I don’t really listen to the stereo when driving and after a few months of staring at the Jimny’s aftermarket head unit I began to wonder if I could fit something more useful in its place. I was drawn to the idea of an inclinometer and whilst looking for a DIN-sized version stumbled across Subaru’s Field Monitor Unit, fitted as part of a winter pack to some Imprezas & Legacys.
More useful on a day-to-day basis than an inclinometer (not hard!), the FMU is also designed to piggyback the standard Subaru stereo for power, something I was hoping to take advantage of to eliminate any wire-snipping during the installation. There happened to be an FMU complete with wiring loom and cage on eBay – immediately purchased – and an evening of Googling also uncovered the part numbers for the outside temperature sensor (H5010FC021) and sensor wiring harness (H5010FC051) which I needed to complete the setup, as well a Subaru dealer in the US (Chaplins Subaru) who could ship them over to me here in the UK.
The easiest place to mount the outside temperature sensor was by the nearside headlight, both for accurate temperature readings – it’s out of the wind but close to the grill and in front of the radiator – and because from there the loom could easily be routed back to one of the apertures in the bulkhead and through into the space behind the glovebox.
Connecting the FMU to the Jimny’s wiring meant modifying a Parrot/Bluetooth kit adapter for a Subaru of a similar age to the FMU – cheap and plentiful on eBay and much preferred to hacking up factory wiring! Keeping the Suzuki-to-ISO adapter that the aftermarket stereo had used I snipped the single wire connecting the two halves of the Parrot adapter and connected one half up to convert back from ISO to Subaru, which could then be plugged directly into the piggyback loom.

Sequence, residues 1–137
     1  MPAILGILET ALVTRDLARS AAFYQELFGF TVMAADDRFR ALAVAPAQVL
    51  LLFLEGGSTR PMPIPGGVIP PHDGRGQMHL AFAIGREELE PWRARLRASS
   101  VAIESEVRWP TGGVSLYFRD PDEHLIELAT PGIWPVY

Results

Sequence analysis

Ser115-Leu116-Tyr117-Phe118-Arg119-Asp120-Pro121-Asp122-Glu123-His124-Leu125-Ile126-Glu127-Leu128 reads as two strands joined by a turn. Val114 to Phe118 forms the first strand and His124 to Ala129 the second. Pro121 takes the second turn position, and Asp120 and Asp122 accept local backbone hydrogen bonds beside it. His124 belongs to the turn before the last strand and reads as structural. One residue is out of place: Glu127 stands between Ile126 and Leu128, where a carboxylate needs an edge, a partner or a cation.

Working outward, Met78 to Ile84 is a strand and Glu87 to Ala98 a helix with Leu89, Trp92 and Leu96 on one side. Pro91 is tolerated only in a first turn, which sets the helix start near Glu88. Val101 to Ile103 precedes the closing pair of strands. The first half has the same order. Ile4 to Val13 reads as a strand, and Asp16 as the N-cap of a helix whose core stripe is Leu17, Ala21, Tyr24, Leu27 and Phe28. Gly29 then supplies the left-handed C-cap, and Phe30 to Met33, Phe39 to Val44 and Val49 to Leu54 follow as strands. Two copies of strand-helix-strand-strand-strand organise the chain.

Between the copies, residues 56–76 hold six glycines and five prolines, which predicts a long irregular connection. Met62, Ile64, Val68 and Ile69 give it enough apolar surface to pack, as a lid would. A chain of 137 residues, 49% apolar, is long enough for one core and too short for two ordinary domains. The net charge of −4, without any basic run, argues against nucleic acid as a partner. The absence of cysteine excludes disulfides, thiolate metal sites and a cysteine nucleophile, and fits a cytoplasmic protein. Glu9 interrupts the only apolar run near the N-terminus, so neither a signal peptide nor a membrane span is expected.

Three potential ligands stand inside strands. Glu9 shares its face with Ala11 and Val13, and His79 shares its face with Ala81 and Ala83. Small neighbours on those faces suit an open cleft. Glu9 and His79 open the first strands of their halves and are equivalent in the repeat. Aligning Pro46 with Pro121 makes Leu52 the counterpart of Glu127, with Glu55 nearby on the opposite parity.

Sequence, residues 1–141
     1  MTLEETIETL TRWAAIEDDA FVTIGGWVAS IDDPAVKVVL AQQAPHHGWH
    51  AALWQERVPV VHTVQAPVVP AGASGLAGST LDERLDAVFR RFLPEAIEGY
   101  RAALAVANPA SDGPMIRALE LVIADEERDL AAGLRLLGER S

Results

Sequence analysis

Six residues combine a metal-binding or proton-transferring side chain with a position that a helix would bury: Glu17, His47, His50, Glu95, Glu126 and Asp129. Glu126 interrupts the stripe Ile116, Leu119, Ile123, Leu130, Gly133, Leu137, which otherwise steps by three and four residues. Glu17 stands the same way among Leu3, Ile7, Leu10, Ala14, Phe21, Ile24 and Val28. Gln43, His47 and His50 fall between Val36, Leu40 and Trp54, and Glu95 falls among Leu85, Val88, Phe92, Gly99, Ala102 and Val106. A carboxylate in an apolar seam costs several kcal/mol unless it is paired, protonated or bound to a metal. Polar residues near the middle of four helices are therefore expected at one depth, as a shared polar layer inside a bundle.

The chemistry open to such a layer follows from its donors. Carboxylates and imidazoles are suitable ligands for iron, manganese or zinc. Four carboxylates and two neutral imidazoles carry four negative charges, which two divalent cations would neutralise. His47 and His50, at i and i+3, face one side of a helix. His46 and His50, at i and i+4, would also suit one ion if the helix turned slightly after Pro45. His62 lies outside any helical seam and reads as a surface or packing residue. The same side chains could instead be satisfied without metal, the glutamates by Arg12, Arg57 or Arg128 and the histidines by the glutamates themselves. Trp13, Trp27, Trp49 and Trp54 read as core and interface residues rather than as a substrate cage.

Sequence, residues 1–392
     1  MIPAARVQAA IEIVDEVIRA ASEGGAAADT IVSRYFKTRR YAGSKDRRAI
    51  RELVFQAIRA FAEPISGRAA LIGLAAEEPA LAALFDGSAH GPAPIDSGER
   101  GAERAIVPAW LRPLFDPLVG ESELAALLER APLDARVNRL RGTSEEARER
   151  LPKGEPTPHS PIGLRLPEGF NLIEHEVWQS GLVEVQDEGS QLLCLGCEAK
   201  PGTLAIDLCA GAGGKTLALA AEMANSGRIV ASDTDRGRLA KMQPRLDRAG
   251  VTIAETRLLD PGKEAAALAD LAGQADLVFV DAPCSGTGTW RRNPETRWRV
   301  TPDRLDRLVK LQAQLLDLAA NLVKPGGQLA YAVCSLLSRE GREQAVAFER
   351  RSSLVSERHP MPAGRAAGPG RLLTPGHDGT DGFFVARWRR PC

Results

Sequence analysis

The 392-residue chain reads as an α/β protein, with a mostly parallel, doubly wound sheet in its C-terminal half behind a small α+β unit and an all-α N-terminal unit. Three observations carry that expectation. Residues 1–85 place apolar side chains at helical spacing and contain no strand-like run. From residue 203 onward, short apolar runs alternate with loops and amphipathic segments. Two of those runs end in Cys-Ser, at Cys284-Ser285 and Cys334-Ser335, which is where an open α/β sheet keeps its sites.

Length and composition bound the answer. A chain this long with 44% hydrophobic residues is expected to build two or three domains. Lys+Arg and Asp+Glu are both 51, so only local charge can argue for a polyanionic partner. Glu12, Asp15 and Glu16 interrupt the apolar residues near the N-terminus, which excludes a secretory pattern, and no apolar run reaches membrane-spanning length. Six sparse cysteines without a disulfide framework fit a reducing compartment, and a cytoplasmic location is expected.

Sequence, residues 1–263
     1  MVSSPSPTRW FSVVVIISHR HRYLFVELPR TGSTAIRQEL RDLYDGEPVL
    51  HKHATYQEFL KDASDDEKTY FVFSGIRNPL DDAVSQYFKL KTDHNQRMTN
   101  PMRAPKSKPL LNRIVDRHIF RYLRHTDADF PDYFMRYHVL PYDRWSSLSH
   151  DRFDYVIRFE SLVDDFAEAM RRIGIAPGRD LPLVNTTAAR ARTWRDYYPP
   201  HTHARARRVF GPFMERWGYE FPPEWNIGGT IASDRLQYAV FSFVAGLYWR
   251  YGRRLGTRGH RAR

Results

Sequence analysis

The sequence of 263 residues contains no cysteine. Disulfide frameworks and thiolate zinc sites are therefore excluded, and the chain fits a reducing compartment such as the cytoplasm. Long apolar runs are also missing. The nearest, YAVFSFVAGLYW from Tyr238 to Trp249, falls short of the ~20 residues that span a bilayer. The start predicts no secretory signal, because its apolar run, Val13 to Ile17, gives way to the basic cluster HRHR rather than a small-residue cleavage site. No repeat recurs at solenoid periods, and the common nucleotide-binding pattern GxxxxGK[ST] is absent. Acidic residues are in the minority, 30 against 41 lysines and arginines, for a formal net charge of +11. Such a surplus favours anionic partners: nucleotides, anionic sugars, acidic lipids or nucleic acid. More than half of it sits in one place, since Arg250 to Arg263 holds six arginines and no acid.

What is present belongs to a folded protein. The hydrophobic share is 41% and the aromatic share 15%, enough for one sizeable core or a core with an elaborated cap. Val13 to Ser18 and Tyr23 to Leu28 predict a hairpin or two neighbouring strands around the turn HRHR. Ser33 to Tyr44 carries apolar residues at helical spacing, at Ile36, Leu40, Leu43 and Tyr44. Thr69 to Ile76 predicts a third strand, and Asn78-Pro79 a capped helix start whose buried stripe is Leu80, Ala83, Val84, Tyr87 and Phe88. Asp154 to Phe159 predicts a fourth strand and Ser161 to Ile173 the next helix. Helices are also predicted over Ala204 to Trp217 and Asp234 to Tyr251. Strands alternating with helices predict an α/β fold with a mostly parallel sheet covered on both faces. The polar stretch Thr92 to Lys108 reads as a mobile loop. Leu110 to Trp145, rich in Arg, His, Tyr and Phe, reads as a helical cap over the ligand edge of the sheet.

The FMU also has the option to display a simple animation when the car is moving – kind of retro cool but, as this requires Scotchlocking a wire to the ECU (and because I don’t really need to be told when the car is moving!), I decided to leave this bit of the installation alone.
After experimenting with the FMU’s OEM cage I decided it would easier to remove the stereo/clock/cubby hole frame from the car, mount the unit directly to it and drop the whole thing back in again. With the frame out of the car I could drill holes in the sides in order to screw into the original mounting points on the FMU itself, route the wiring loom neatly out of the back of the frame and also install a surround to tidy up the gap between the Jimny’s centre console and the FMU itself. I used Accujet for the cutting of the surround – excellent service once again – and sprayed it with black VHT Flameproof exhaust paint before baking it for a really durable, matte finish.